Years ago people in the workforce referred to fellow employees with the formality and respect of Ms. or Mr. People took pride in their appearance. These days there is not a whole lot of class left among Americans. We have, in general, become common and crass.

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In the corporate culture in the United States, quite often co-workers will step on each-others backs to rise within the company and "friends" will back stab to try to take each-others jobs. Just as an example, I knew a fellow who refused to share useful information with any members of his department. He hoarded information, because it made him seem smarter and better than the others, and he was using it to get himself a promotion...even though it could have helped the company overall. <br />
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Then I knew a "friendly" group who got together and began to back-stab a girl who was of a different race. I had to say something to them and walk away.<br />
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You can make friends within a company, but it will usually be the small group of friends with whom you eat lunch.

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depends on what part of the country your working at and also what company....ive been with right unfriendly companies and then some very nice ones...also very much culteral

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I've been working in America for 56 years. It's not the work place it's the people in it. Your looking through the wrong lense. See the difference you want to be and you will be the difference you want to see.

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i believe it has more to do with the predominate culture of the people in general. after all most work places are merely microcosms of the society at large. And of course the administrative and managerial policies and rules play a big part in the overall attitude of the workers. But that aside, i think making such a blanket statement as "American work places" would suggest that one has worked at or at least had some experience with, or done some research regarding a large number of American work places. If that is not the case, then one can only speak of ones own experiences. Don't u agree<br />
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I beg your pardon imor, my intention was not to in any way devalue your experiences, in fact, i said so very clearly in the last sentence of my response that one speaks from ones own experiences, isn't that what you're saying. And to be clear, my response to your question was ba<x>sed on your phrasing of the question which was phrased as a matter of fact and not of opinion. no offence intended.

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No. I disagree. I think people should be allowed to state their opinion ba<x>sed on their own observations and experiences and solicit feedback on how their perception may be right or wrong.I shouldn't have to have worked in every single company in the U.S. or written a master thesis on a topic in order to have an opinion on it.<br /><br />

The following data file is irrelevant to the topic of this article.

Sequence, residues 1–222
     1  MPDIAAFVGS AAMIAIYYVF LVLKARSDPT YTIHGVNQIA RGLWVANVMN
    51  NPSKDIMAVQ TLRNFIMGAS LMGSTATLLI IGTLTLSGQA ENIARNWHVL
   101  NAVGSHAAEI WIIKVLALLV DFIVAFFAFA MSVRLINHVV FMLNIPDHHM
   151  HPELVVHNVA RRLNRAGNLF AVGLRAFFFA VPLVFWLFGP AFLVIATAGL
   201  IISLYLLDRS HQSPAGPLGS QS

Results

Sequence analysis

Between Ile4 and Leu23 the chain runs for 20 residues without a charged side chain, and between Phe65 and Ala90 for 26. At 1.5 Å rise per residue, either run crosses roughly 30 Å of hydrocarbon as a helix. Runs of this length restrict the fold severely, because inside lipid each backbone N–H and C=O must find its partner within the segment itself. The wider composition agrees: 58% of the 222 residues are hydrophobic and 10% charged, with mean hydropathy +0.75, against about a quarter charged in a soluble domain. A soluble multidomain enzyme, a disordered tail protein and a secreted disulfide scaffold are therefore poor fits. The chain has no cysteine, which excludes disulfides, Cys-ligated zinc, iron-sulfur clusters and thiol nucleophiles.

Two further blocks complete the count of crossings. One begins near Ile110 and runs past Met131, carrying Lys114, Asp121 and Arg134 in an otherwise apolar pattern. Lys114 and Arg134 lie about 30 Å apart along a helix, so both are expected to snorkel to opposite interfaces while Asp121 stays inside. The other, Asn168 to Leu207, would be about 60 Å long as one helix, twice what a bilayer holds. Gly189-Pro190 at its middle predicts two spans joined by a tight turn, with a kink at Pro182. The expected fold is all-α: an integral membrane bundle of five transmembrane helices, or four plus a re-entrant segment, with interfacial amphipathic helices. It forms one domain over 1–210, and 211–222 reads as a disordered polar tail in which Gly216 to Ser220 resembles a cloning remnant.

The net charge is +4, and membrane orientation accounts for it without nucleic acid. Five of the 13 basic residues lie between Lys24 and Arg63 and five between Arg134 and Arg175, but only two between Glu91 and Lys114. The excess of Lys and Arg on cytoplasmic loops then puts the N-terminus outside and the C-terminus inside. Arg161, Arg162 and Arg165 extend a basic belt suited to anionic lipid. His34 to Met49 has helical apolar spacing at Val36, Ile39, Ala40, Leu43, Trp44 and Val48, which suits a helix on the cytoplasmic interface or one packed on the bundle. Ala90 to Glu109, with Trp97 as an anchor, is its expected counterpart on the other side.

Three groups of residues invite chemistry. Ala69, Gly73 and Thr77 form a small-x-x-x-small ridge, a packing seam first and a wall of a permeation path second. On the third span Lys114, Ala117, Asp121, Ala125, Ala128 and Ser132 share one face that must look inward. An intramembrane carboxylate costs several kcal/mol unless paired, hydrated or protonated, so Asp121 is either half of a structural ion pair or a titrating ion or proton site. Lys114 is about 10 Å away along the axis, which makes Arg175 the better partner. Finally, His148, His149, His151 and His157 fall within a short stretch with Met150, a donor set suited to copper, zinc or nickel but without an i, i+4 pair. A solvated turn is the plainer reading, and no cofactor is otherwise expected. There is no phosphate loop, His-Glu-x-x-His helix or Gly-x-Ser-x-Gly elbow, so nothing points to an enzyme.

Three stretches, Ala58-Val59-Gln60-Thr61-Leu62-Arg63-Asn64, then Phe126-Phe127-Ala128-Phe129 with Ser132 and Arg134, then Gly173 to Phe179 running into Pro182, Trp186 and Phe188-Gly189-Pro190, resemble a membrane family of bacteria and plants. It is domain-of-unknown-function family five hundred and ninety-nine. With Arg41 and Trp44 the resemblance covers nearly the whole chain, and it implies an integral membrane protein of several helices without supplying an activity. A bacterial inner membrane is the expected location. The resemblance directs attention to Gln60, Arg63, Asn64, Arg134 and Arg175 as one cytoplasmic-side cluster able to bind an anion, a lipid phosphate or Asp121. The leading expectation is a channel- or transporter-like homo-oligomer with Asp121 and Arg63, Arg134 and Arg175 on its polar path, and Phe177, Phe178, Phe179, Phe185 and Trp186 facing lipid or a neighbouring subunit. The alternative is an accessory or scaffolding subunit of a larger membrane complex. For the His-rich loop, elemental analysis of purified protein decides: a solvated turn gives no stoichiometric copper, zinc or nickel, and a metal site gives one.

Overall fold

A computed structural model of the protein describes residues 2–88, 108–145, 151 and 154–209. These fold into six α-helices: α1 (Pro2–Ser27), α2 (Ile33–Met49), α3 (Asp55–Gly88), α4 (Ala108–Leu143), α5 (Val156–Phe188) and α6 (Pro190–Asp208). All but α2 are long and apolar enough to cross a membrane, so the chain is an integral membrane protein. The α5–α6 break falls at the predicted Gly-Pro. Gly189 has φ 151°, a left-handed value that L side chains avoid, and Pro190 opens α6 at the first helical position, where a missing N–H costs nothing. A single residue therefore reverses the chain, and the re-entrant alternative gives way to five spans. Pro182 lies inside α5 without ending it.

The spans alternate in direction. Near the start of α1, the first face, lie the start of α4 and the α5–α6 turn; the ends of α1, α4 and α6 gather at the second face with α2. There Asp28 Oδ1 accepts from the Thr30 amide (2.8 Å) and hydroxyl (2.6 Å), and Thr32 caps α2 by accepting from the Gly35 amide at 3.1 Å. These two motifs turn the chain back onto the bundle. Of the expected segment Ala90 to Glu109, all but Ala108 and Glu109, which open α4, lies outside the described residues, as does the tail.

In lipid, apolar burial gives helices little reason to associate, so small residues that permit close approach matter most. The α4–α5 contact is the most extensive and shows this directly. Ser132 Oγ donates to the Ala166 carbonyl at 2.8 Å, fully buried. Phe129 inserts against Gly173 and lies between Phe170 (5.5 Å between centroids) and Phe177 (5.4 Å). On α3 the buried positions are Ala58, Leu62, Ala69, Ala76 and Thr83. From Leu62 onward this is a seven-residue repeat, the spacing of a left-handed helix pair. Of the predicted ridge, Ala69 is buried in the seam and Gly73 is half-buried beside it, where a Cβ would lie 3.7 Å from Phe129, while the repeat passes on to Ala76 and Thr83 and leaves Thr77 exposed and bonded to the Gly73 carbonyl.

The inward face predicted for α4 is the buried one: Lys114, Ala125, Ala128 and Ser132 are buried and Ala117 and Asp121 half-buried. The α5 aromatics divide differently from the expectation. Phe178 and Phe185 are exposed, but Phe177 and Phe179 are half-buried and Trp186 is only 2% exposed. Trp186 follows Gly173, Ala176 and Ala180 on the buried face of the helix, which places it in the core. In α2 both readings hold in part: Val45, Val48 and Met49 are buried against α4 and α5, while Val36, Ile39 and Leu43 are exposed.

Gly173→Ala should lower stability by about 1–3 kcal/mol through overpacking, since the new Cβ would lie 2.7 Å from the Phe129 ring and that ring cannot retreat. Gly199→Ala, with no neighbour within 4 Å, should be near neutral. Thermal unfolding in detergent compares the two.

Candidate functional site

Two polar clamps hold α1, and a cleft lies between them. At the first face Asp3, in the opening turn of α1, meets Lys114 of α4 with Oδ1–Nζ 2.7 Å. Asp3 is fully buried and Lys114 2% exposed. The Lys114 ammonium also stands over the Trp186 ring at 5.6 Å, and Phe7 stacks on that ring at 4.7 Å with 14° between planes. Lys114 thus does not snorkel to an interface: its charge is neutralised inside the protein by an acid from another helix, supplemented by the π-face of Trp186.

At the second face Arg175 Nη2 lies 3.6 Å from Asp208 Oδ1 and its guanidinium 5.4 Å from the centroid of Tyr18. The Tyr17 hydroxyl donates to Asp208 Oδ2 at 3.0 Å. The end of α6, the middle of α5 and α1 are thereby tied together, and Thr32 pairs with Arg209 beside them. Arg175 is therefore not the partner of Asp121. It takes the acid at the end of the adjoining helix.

However, I have worked at 5 different locations in the US and 4 different locations abroad, so I probably have enough experience to identify a trend.

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Americans are more private than people of other countries. We have our “own little worlds” and rarely come out of them. This makes us appear as being aloof or unfriendly even though inside we’re not. <br />
At my workplace it is MANDATORY to be friendly with each other! We are required to say “hello” or “hi” (with a smile) when interacting with a customer of fellow employee or when even passing by them. To not do so brings a reprimand.

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I think Americans are taught to mind their own business. This mean's not talking to anyone unless needed, ignore the problems of others, and to avoid conflict that draws attention to themselves. I've lived in a few different countries myself, and I've noticed that Americans are very "to the point" HAVE to be on time and make their schedules very strict. They don't greet each other the same way as any other country. Unless they have a relationship with you they ignore socializing with others at all costs just to get things done.

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Yeah, I get that impression too.<br /><br />
They only talk to each other when they need to. Not because they are interested in getting to know you or see how you are doing. There's a big separation between friends and co-workers in the US. This didn't appear to be the case in other countries where I worked. I think the US corporate culture tends to encourage this separation in the interest of productivity and avoiding law suits.

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It would depend on where you work, some places being friendlier than others. And the French reputation for rudeness comes from the perception that they are rude to everyone but other French ever since they became a second-rate power

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I worked at a lot of companies (mostly tech companies in California, Michigan and New England) and they all pretty much ranged from unfriendly to cut-throat. The "good" places were places where people would just exchange empty greetings. The "bad" places were places where people were just plain mean to each other. Did you ever work at a place where ALL of your co-workers shook your hand every morning and asked how you were? I'm just saying the French get a bad rap.

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